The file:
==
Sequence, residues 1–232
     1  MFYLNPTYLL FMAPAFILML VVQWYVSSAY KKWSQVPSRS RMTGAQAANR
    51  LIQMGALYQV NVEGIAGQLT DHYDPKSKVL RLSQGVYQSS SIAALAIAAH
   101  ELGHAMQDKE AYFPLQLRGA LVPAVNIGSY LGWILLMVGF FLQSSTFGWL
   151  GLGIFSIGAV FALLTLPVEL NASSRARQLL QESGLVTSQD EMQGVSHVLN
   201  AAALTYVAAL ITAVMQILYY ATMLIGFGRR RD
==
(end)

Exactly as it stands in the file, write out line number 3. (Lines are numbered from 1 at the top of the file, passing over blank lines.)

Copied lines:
    51  LIQMGALYQV NVEGIAGQLT DHYDPKSKVL RLSQGVYQSS SIAALAIAAH